In a pair of conference finals that have been as electric as any in decades, the signature moments have come not only from superstars but also from unlikely figures such as the Lakers' Trevor Ariza, who, with the game on the line, has been stealing something more important than the spotlight
This is an article from the June 1, 2009 issue
When Lakers forward Trevor Ariza is facing a steep deficit late in a game of around-the-world, he turns to a strategy that inevitably rattles opponents and sparks comebacks. He calls timeout, walks casually to the spot on the court where players have left their personal items, and steals his adversary's car keys.
Since NBA players do not generally stash the keys to their Escalades on the bench, Ariza has resorted to a different kind of larceny in the Western Conference finals. Twice in the first three games, with the Lakers leading the Nuggets by two points and less than 40 seconds remaining, Ariza dashed across the court to swipe a lollipop of an inbounds pass and cinch a Los Angeles victory. "I'm like Ed Reed," Ariza says, channeling the Baltimore Ravens' Pro Bowl safety also noted for his game-changing plays and closing speed.
In a pair of spellbinding conference finals unrivaled for twists and turns, Ariza is a 6'8" emblem of the laws of basketball improbability. Not long ago he was jettisoned by a lottery team and wasn't trusted to take a jump shot; his NBA future, if he had one, looked as if it would be measured in 10-day contracts. To see Ariza now, finishing L.A.'s fast break, sinking a succession of fourth-quarter threes and defending the opposing team's best player so that Kobe Bryant can preserve his invaluable energy, is among the postseason's most surprising sights. Ariza is a reminder that titles are not won by brand names alone.
Call the first week of the conference finals May Madness—except the losers were getting a chance to exact revenge. Of the first five games (three between the Nuggets and the Lakers, two between the Cavaliers and the Magic) none was decided by more than six points, none was resolved until the last minute, and all featured severe momentum swings, impromptu tactical adjustments and heart-in-throat finishes. There was Kobe switching assignments to cover Carmelo Anthony, and Anthony switching to take Bryant. There was Orlando wiping out a 16-point deficit to win Game 1 in Cleveland, then rallying from 23 down two nights later. But then there was LeBron James, catching an inbounds pass with one second left in Game 2 and draining a 24-foot fadeaway from the top of the key that resuscitated his city's quest for its first major sports championship in 45 years.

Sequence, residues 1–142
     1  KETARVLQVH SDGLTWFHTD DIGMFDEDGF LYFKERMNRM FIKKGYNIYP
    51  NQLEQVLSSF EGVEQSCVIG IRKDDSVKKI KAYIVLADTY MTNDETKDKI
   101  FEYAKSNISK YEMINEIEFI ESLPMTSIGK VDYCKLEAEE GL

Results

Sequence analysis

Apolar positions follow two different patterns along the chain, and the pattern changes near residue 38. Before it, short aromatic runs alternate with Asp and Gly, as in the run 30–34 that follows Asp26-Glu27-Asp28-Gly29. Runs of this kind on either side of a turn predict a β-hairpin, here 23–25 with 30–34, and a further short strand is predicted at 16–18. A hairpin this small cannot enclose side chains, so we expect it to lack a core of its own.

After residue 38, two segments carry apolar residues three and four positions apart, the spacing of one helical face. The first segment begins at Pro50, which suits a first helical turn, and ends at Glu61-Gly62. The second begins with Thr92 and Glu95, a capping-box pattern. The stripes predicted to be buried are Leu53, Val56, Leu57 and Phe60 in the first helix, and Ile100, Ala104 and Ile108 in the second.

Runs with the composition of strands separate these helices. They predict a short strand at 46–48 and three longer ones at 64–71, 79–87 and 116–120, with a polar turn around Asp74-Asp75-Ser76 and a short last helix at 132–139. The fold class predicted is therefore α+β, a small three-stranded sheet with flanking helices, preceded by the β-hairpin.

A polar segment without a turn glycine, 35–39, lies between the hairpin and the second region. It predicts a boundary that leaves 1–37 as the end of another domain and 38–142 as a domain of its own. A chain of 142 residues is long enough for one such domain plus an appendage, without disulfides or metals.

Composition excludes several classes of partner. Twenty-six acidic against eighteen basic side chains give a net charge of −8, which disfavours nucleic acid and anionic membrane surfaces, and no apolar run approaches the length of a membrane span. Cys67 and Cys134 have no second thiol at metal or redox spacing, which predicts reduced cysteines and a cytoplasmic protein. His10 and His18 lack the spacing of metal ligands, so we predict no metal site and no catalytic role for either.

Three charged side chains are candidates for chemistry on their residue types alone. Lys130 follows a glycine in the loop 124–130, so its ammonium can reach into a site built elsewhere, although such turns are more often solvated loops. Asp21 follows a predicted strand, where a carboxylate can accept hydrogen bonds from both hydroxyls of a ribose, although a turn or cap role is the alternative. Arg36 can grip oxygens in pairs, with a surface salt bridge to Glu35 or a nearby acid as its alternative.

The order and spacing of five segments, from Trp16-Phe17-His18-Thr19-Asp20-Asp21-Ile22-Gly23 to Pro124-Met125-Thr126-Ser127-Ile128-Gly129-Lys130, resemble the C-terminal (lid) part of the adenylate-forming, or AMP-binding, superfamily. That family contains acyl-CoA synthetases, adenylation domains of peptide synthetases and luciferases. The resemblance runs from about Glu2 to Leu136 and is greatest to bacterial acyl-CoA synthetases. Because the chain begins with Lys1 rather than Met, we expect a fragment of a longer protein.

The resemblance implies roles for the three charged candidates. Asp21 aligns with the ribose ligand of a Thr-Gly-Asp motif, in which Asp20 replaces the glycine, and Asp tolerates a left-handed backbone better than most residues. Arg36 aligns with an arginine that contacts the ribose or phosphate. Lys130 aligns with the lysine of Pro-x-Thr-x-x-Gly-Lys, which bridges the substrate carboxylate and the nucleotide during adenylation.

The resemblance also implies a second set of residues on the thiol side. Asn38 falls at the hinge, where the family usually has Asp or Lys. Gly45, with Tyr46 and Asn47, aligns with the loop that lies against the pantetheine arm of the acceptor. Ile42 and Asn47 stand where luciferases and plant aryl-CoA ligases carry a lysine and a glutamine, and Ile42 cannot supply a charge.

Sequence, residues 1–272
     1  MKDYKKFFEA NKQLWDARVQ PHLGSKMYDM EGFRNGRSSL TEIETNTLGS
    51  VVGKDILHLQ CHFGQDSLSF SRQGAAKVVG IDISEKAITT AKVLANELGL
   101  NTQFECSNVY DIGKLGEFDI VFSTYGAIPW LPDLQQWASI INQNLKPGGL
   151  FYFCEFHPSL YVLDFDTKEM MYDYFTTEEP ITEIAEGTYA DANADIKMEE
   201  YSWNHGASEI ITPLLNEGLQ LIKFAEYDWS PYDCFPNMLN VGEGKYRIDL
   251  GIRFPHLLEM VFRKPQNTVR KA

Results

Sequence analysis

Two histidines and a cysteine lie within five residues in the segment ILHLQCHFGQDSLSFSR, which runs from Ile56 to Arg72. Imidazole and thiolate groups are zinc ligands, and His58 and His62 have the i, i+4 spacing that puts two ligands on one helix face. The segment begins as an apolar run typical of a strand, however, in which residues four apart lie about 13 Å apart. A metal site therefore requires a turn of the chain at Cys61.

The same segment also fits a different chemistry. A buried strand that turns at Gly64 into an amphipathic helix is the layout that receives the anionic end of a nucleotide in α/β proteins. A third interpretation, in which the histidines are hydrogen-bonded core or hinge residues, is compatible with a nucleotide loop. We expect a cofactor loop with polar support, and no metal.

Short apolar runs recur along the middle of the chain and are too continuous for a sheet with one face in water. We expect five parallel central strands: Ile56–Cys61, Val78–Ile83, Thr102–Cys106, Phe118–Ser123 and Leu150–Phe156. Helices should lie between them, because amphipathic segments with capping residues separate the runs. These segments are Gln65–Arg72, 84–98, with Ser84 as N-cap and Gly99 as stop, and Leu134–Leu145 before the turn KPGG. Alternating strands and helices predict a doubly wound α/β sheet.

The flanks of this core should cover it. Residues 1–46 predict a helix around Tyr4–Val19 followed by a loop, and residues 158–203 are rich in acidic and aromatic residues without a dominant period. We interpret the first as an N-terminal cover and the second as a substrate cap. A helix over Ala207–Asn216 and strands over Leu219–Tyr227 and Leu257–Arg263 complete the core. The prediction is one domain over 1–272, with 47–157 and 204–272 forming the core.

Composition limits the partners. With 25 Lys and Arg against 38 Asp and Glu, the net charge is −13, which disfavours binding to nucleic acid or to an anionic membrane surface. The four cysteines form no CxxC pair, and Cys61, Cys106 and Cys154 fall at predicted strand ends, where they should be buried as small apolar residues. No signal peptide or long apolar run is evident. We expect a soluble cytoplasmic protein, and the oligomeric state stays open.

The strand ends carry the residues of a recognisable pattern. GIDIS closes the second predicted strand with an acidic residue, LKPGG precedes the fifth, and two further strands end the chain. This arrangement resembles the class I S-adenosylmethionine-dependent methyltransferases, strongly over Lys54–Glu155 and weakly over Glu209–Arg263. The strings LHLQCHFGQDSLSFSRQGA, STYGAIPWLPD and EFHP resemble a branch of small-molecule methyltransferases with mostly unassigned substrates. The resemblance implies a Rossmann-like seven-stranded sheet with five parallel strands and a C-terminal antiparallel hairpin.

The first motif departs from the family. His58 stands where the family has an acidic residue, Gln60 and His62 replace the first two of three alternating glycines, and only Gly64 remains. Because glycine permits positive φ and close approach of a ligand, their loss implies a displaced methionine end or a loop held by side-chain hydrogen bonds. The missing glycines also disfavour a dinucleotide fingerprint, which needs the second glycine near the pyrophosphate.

How did the league's MVP assess the most dramatic shot of his career? "For me," James deadpanned, "a second is a lot of time."
James's dagger was Michael Jordan over Craig Ehlo, only deeper and a whole lot sweeter for the hard-luck crowd at Quicken Loans Arena. The most poignant reaction belonged to point guard Mo Williams, who had thrown the inbounds pass but then was physically incapable of celebrating the shot. Crumpling to the floor, Williams held his face in his hands, a la Duke's Thomas Hill after the buzzer beater by Christian Laettner against Kentucky in the 1992 East Regional final. But then the Magic, unbowed, came back to win Game 3 in Orlando 99--89, getting another strong night from Ariza's Eastern Conference counterpart, 6'6" reserve Mickael Pietrus, who has also impressed with his deep shooting and hectoring D. The NBA's final four is matching the college version thrill for thrill, heartbreak for heartbreak.
Corporate sponsors from Nike to Vitamin Water have banked entire advertising campaigns on the Kobe-LeBron battle royal that was seemingly scheduled for the first week of June. But as Nuggets guard Jason Hart put it, "Basketball cannot be planned." After both the Lakers and the Cavs had lost a home game, it was suggested to Anthony that he might want to start filming his own commercial with Orlando's Dwight Howard in anticipation of the Finals. "That," he said with a party crasher's devious grin, "would make a lot of people really mad."
No team is having more fun on this stage than the Nuggets, with their Mohawks, dreadlocks and Technicolor tattoos. They have the only player in the NBA who has come back from two micro-fracture surgeries (Kenyon Martin) and the only current player who has served a two-year ban for drug use (Chris Andersen). Their center is a cancer survivor (Nené), as is their head coach (George Karl). Their best perimeter defender (Dahntay Jones) was playing a year ago for the Fort Wayne Mad Ants of the Development League. "This is the team you'd want to have a beer with," says Nuggets general manager Mark Warkentien.
These Nuggets are also capable of masterpieces and meltdowns, sometimes on the same day. They outplayed the Lakers in Game 1, beat them in Game 2 on the road and led for most of 3½ quarters in Game 3 in Denver, but they trailed 2--1 in the series because they could not make a simple inbounds pass without Ariza stealing it. As Karl reflected on his pack of "stray dogs"—Warkentien's pet name for the Nuggets—at the beginning of the series, he was reminded of the cast of characters from his favorite Jack Nicholson movie, One Flew Over The Cuckoo's Nest. "Sometimes," Karl acknowledged, "I feel like I'm Jack."